Join us as we embark on a two-day train trip along the Hakone Tozan Line in Kanagawa Prefecture. It connects Odawara City to the town of Hakone. It is one of the few mountain railways in Japan which offers a spectacular view of the Hakone mountains. We will travel from Odawara Station to Gora Station, after which we plan to switch to a cable car and head to the terminal of Sounzan Station. From Odawara Station, we catch the 10.05am train to our first stop, Hakone-Yumoto Station. The ride takes about 15 minutes and we decide to take the 12.50pm train later.
We drop by a store which sells Hakone no Otsukisama, a hot spring manju. The owner suggests we try Yubadon, which is available at Yuba Naokichi. Before heading there, we buy the store’s speciality manju. It has a sweet bean paste inside and the skin is made with brown sugar. Another local recommends we try the buckwheat noodles at Hatsuhana. We first walk to Naokichi but it is closed due to a regular holiday. We try our luck at Hatsuhana, but it is full. We ask another resident and she tells us about Akatsukitei, known for its handmade noodles. She also mentions a waterfall called Tamadare.
Akatsukitei will only open about half an hour later at 11.30am, so we decide to visit the Tamadare waterfall. It is about 8m tall and 11m wide. The water resembles white rain lilies as it flows down. Famous poet Yosano Akiko used to love drinking water from this waterfall and she even wrote a poem about it.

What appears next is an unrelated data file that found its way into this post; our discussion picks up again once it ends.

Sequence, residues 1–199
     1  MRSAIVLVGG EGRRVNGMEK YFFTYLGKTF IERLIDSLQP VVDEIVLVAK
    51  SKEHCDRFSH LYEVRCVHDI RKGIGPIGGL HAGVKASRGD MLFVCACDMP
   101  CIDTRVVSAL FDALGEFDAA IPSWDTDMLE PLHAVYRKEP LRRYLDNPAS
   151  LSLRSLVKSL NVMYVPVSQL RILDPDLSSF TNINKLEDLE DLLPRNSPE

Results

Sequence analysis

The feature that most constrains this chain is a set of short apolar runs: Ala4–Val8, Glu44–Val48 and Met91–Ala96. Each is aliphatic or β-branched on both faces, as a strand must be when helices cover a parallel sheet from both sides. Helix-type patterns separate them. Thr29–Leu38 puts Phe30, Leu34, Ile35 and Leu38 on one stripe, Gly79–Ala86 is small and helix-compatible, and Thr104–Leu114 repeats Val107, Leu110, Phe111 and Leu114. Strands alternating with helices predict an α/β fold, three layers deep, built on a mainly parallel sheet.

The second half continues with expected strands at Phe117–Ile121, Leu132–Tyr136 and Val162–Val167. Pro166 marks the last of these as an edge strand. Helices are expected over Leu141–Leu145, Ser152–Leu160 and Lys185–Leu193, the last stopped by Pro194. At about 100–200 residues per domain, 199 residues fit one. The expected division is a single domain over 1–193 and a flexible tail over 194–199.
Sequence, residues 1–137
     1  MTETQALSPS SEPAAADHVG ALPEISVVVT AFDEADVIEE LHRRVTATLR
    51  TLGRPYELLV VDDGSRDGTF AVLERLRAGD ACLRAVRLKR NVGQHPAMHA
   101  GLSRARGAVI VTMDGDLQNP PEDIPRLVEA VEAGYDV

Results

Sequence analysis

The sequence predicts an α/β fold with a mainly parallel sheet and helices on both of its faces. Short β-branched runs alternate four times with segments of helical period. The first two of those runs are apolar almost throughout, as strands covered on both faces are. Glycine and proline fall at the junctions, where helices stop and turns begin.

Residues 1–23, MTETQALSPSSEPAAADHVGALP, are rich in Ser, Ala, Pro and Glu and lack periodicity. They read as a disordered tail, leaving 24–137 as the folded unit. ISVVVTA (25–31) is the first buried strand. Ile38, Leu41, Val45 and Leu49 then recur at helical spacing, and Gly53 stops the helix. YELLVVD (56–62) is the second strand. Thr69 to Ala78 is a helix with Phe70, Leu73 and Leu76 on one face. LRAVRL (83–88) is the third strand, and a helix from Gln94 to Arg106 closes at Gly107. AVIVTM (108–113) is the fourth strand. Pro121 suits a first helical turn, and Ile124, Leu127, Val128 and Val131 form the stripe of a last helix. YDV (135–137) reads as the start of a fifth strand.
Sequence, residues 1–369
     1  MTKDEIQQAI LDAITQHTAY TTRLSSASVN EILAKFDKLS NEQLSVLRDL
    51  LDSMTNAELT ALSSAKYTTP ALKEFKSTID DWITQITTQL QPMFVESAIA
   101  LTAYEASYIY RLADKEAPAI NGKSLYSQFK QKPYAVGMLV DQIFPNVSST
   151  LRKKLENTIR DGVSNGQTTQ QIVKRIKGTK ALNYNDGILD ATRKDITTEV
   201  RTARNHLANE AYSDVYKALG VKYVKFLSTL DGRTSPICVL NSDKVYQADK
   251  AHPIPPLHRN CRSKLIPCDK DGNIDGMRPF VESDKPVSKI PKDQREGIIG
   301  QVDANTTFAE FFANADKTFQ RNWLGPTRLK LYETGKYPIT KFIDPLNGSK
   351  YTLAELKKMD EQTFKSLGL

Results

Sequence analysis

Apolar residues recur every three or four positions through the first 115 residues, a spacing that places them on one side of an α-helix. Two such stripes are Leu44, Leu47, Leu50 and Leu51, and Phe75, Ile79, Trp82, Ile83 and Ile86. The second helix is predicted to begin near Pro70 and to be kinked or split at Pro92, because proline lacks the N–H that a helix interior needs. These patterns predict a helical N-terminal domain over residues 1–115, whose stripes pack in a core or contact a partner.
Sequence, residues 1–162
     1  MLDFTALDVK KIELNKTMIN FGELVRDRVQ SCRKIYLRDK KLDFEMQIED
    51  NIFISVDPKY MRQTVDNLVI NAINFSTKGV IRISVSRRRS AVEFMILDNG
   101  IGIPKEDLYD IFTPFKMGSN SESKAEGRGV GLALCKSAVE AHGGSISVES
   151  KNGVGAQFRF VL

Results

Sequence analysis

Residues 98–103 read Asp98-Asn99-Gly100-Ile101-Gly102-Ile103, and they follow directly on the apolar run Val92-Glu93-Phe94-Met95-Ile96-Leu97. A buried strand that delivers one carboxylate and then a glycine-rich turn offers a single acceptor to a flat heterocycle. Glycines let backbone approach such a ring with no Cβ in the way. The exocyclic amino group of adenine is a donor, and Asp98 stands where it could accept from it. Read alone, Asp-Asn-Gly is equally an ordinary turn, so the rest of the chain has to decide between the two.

We then go to Akatsukitei, which has been in business for nearly 30 years. We order the two-coloured set meal with yuzu, which comes in a two-tiered food box. The top tier has yuzu buckwheat noodles, with regular noodles below.
We have missed our train at 12.50pm so we take the next one at 1.10pm and head to Tonosawa, the neighbouring station. It takes us less than five minutes from Hakone-Yumoto Station. At Tonosawa, we find out about a hotel called Kansuiro where famous politician Ito Hirobumi stayed and another one named Fukuzumirou, which was visited by well-known businessman Momosuke Fukuzawa.
We walk around, admiring the beautiful valley and maple leaves, before going to Tonosawa Ichinoyu. Opened in 1630, this hotel has a day-use hot spring in its new building, with water flowing directly from the source.
We still have time until our 2.55pm train so we start asking the locals about lodging. One of them tells us there are some nice inns near Miyanoshita Station, two stops away. We get to experience a switchback before that, where the train zigzags up a steep slope, changing direction as it climbs. It is a popular attraction of the Hakone Tozan Line and draws many railway enthusiasts. We reach Miyanoshita Station at 3.25pm.
We drop by a cafe, which has a gallery, a souvenir shop and a footbath too. We make enquiries about places to stay and are told about Manatei, known for its indoor bath with a great view. We take a public bus and after a five-minute ride along a mountain road, alight at a bus stop near the inn. Opened nearly 10 years ago, it has three private hot spring baths and our room has its own bath attached to it.
Dinner features luxurious and healthy dishes. They include sea bream shabu-shabu, hoba miso-flavoured grilled organic vegetables such as shiitake mushrooms, and roast Ashitaka beef from Shizuoka Prefecture and king trumpet mushrooms served with a Japanese pepper sauce.
1) Hakone Tozan Line is known for offering spectacular mountain views
2) The Tamadare waterfall is closely associated with poet Yosano Akiko